Alberta’s Fish Story

In the first of our series about why we climb, we’re telling the story of Alberta’s freshwater fish. Whether it’s a summer day by the side of a river or at the lake waiting for that coveted tug on a fishing line, or the satisfaction of cooking a meal you caught yourself while on a camping trip, fish play a big role in our lives outdoors.

For the Alberta Wilderness Association, our native fish species are important for a few other reasons as well. They indicate the health of our watersheds, as one of the first signs of stress in an ecosystem. Because of this, their loss helps warn us of other problems. They’re also the building block of many watersheds, acting as both predator and prey in our rivers and lakes.

Who’s in trouble?

When we think about Alberta’s wilderness, species at risk aren’t often the first things that come to mind. Instead, we tend to think of wide open spaces, endless trees, or an abundance of wildlife. Alberta’s fish tell a different story.

You might remember the critical situation facing Westslope Cutthroat Trout this past summer in Alberta. Already under stress from population loss, this species was pushed to the brink by extreme drought. As it turns out, this is only one part of a bigger story for our native fish species. Upwards of 10 species in Alberta are threatened and we need to take action to help them survive.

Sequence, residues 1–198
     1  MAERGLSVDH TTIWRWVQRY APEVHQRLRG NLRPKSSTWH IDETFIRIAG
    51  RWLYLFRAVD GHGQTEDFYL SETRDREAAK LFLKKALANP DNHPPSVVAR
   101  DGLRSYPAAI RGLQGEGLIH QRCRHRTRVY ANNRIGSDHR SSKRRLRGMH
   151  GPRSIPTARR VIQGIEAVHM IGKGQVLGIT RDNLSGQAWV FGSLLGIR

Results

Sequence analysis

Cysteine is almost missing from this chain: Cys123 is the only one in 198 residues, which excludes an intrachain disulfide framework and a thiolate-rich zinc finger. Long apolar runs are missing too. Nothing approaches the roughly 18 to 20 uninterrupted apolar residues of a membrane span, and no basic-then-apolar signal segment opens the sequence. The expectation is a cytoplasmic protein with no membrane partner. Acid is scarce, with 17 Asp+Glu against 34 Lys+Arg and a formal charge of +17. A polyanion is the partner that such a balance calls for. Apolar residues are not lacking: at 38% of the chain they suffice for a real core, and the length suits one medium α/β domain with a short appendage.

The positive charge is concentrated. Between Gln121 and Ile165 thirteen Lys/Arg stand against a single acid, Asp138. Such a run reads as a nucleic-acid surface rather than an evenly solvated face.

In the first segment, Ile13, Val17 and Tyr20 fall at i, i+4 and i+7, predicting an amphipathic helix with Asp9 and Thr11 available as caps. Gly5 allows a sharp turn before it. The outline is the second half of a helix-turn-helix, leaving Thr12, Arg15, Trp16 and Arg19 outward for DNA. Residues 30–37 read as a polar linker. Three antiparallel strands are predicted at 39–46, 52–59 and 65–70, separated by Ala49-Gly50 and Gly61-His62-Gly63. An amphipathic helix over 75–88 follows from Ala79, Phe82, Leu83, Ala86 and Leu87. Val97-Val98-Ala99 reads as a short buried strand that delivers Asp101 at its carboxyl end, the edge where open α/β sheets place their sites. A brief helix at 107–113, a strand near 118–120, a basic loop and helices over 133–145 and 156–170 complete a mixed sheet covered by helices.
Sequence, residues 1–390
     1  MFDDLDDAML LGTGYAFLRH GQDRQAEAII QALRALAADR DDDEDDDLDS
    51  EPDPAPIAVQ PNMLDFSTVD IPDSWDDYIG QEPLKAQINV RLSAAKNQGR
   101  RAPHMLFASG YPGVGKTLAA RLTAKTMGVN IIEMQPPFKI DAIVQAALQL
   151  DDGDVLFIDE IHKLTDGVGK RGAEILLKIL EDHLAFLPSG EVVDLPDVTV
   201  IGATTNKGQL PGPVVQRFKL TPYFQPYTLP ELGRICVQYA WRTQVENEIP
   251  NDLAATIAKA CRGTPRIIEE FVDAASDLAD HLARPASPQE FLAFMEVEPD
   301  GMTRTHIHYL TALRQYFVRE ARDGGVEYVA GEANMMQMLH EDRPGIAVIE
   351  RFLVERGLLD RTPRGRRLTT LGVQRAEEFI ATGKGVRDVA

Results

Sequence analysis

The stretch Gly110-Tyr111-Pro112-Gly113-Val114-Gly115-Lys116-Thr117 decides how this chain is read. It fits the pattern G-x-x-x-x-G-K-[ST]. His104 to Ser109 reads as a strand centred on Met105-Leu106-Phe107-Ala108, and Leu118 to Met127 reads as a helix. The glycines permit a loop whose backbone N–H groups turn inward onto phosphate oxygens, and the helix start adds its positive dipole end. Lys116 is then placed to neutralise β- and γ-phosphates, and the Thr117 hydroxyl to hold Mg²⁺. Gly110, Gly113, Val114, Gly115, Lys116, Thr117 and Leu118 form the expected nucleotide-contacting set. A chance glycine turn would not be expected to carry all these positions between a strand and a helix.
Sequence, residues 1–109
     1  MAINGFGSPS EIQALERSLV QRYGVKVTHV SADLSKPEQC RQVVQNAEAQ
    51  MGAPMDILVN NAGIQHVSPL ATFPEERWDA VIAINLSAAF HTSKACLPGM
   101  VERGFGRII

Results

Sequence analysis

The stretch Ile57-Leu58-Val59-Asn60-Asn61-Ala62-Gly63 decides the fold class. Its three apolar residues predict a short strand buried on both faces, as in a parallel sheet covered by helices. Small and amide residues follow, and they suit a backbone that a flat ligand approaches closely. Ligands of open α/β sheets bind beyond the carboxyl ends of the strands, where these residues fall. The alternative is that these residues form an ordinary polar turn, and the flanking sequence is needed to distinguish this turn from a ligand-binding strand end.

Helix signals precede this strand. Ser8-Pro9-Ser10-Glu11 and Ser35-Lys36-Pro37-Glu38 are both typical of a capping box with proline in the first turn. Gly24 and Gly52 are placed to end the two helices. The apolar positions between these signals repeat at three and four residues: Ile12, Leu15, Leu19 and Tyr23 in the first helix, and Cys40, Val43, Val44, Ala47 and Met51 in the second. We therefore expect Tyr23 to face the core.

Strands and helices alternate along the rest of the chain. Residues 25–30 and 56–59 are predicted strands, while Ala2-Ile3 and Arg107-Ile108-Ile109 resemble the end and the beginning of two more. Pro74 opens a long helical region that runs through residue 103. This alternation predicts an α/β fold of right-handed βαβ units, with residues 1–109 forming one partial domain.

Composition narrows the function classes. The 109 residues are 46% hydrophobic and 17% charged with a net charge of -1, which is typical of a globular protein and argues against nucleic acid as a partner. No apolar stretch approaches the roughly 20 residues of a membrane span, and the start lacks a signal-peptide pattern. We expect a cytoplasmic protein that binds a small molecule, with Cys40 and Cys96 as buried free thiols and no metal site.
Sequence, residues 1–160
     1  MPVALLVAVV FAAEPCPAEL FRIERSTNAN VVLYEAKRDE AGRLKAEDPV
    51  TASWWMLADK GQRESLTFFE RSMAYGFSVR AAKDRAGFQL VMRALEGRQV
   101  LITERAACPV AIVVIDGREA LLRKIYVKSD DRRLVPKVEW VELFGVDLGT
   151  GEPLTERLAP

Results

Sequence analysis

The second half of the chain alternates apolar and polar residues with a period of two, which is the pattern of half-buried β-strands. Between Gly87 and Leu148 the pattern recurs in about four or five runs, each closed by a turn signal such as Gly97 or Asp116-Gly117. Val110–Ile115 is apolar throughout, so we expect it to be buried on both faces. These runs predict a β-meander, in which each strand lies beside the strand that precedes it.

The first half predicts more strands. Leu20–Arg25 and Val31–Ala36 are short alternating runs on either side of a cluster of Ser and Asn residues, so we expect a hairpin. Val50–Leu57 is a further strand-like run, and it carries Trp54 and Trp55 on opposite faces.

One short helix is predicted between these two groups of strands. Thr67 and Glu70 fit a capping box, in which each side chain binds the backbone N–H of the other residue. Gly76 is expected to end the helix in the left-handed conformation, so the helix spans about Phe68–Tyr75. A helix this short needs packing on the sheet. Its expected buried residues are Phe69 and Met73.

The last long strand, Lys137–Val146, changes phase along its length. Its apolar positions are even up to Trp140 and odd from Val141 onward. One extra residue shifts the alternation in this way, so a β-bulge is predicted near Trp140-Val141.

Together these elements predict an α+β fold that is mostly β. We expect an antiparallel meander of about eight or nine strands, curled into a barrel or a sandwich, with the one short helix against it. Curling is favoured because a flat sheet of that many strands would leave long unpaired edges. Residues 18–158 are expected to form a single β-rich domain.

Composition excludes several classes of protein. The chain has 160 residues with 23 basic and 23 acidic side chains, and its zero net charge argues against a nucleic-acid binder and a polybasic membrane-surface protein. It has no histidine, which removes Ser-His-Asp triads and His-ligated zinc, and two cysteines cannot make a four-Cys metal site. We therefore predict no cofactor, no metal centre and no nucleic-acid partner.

Westslope cutthroat trout in spawning habitat, 8 July 2012. These fish are part of a pure population introduced into Rawson Lake. Source: D. Mayhood

Under the surface, species are suffering because of habitat loss, over-fishing, and development. For example, did you know that Alberta is home to a distinct species of Rainbow Trout known as the Athabasca Rainbow Trout? The population is steadily decreasing and as a result it’s now endangered. As one of the few native Rainbow Trout species left in North America it’s a valuable link to our past. Other well known species like Bull Trout, Rocky Mountain Sculpin, Arctic Grayling, and Lake Sturgeon are also at risk of being lost forever.

What happens when you climb?

Thanks to efforts by the Alberta Wilderness Association and other conservation groups, steps are being taken to help ensure the survival of our native fish. When you Climb for Wilderness, you’re not only helping to give us the resources to continue these efforts but you’re also bringing visibility to these causes. On April 21st you’re not just Climbing for fun, you’re climbing for a cause as well. Register now and help our keep our fish swimming!

Learn more about Cutthroat Trout Here:

Learn more about species at risk here: